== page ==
208-376-1701 bryan@bryanyager.com

First a quote: “We can’t solve problems by using the same kind of thinking we used when we created them.” ― Albert Einstein

We face many difficult problems in our world today. I suspect many, if not most, of our businesses do as well. I’m fond of saying, “All of the easy problems have been solved a long time ago. The problems we face today tend to be difficult, complex and challenging, at least with our current best thinking. We will likely require new thinking, and new mental models, perhaps by new people everywhere to solve them.”

Simply put, looking forward, we will need to think differently. As someone has already said, “Old ways, and old thinking, will not open new doors.”The challenges we face might only be solved with new paradigms, innovation and creative problem solving.

Paradigms are mental models that shape our thoughts, direct our behaviors and limit our thinking about new solutions to old problems. In the early 90’s, Joel Barker, a self-described futurist, popularized the word paradigm into a common business buzzword. Joel’s insights are powerful, they are also reasons for hope and optimism.

One of his many insights: “What is impossible to do with one paradigm, might be easy to do with another.”  Examples of this are everywhere:

  • The world is flat.
  • The Earth is the center of the universe.
  • Man will never be able to fly a vehicle heavier than air.
  • Running a mile in less than four minutes is impossible.
  • Digital photography will never be a viable commercial technology.
  • It is not possible to build Inexpensive, fuel-efficient, automobiles that are also high quality.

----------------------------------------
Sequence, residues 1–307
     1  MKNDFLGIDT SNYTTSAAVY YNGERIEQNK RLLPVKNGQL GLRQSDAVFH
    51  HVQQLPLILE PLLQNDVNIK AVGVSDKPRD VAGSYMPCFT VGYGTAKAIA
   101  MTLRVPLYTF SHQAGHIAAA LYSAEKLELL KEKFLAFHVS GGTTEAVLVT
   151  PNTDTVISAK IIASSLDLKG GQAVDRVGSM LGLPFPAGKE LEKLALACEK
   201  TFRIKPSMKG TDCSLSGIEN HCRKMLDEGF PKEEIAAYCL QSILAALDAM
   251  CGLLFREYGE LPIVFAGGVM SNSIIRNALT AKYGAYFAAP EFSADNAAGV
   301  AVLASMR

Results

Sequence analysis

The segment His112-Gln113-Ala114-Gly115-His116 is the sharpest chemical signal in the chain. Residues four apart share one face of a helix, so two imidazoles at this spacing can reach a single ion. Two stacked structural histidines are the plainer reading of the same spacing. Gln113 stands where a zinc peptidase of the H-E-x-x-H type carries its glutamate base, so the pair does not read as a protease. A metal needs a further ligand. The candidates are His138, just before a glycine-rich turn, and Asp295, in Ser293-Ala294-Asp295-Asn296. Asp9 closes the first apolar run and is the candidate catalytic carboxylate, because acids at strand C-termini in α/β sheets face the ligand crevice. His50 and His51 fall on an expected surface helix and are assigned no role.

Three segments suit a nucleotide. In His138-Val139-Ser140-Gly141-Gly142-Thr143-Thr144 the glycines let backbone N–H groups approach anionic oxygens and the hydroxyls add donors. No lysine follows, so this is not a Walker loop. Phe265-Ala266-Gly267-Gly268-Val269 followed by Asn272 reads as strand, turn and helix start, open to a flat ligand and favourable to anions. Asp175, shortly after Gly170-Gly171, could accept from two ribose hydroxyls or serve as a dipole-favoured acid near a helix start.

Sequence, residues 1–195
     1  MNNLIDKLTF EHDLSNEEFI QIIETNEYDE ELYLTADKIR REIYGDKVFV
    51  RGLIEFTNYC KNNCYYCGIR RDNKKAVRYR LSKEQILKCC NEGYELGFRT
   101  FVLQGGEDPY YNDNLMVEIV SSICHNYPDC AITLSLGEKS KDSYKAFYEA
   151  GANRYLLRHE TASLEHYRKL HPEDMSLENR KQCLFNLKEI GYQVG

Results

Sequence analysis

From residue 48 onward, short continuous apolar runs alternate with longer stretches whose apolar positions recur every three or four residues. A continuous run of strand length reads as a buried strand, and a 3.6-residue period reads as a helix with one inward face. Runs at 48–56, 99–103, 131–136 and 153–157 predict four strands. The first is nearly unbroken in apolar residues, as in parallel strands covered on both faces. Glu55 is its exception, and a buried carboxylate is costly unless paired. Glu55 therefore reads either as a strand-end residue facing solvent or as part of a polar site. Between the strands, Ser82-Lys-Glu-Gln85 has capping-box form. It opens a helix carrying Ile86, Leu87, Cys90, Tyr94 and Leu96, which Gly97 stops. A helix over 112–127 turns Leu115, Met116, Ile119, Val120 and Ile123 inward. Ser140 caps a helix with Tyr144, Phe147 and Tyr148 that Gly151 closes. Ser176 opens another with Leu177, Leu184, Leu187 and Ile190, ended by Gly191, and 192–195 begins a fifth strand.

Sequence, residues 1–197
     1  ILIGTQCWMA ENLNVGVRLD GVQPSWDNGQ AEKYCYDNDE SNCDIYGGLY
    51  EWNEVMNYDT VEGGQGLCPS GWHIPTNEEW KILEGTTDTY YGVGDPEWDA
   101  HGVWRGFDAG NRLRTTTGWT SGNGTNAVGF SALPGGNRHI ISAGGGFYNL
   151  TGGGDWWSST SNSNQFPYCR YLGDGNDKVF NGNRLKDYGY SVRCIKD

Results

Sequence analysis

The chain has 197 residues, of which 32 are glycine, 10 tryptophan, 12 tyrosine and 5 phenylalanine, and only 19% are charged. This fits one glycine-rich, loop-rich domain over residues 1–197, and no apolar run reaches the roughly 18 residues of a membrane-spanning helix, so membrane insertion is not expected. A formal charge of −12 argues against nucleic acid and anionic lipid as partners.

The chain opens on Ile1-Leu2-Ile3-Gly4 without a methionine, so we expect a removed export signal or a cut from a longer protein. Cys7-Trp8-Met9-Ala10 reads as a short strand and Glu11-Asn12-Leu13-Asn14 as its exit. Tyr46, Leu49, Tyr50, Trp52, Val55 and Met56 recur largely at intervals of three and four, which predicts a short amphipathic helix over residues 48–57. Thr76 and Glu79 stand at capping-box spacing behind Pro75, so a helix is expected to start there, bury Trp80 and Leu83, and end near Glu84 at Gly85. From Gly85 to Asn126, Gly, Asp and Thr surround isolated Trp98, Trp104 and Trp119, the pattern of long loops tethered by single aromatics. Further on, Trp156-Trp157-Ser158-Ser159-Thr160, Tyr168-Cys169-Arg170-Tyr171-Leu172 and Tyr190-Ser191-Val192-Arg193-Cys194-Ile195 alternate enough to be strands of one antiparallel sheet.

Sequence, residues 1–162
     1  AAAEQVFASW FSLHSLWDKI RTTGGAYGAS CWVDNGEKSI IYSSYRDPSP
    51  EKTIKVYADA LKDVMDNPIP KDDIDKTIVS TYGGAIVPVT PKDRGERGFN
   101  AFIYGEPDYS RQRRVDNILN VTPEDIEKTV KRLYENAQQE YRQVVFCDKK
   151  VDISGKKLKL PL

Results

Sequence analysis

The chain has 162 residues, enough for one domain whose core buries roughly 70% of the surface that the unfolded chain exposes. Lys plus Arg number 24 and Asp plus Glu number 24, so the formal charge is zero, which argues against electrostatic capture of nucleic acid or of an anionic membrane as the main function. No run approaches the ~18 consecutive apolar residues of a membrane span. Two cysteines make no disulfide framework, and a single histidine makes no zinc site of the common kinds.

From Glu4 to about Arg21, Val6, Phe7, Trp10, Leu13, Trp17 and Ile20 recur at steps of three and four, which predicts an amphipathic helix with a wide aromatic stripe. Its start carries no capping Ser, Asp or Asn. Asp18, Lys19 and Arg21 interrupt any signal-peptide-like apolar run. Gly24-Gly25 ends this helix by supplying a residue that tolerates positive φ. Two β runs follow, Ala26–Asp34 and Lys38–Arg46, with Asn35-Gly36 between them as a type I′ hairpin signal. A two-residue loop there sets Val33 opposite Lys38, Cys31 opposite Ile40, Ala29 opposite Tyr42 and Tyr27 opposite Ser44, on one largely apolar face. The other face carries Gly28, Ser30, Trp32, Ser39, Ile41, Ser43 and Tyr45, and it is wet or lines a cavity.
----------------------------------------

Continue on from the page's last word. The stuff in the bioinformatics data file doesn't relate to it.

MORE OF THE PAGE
• Getting communication to Europe from the US will never be faster than two weeks.
  • Electricity, radio, television, watches that communicate and man on the moon were once inconceivable… impossible at the time with the existing paradigms of the day.

In 1899, Charles Duell, Commissioner of the US Patent Office said, “Everything that can be invented, has been.”  All of these were once commonplace beliefs and paradigms.

Think about automobile racing for just a moment. In 1950 it was considered a major accomplishment to complete a full pitstop during a live race in less than a minute. How do you think pit crews would have responded if their crew chief would have told them to complete their work in under 5 seconds? I submit they would have thought, “Impossible! Can’t be done!”  If you have an extra two minutes, watch the video below contrasting two different pit stops… it will make you smile. Again, different paradigms.

Click here to watch 2 minute video; Pit Stops; 1950 vs Today

If you watched the “Pit Stop” video, you will understand lots of things had to change to make a “5 second pit stop” possible. New procedures and equipment had to be invented. Rules had to be changed. Staffing limits and budgets changed.  Most importantly, mental models had to be changed! (As an fyi, the official world record belongs to Red Bull’s F1 team with 1.92 seconds during the 2013 USA Grand Prix. Red Bull’s pit crew changed all four tires on Mark Webber’s car in only 1.92 seconds, helping him to win the third position in that Grand Prix.)

One of my favorite questions to ask seniors leaders today is, “What is impossible to do today, but if it could be done, would change your world, (or rock your competitor’s world)?  I learned this question from Joel Barker’s popular video “The Business of Paradigms”.

Click here to read: Which is better, right answers or right questions? MMM, Sept. 9, 2018

What mental models are holding you back? Your company? Our country? Our world?  What about self-driving cars, space travel, hyper-conductivity, inexpensive desalinization? There are so many paradigms yet to be discovered, replaced or shattered!

Bonus Quotes:

“People who say it cannot be done, should not interrupt those who are doing it”. ― George Bernard Shaw

“Nothing is impossible, the word itself says ‘I’m possible’!” Audrey Hepburn

And, as always, how will you lead differently, or better, this coming week?

Have a great week!

Bryan Yager



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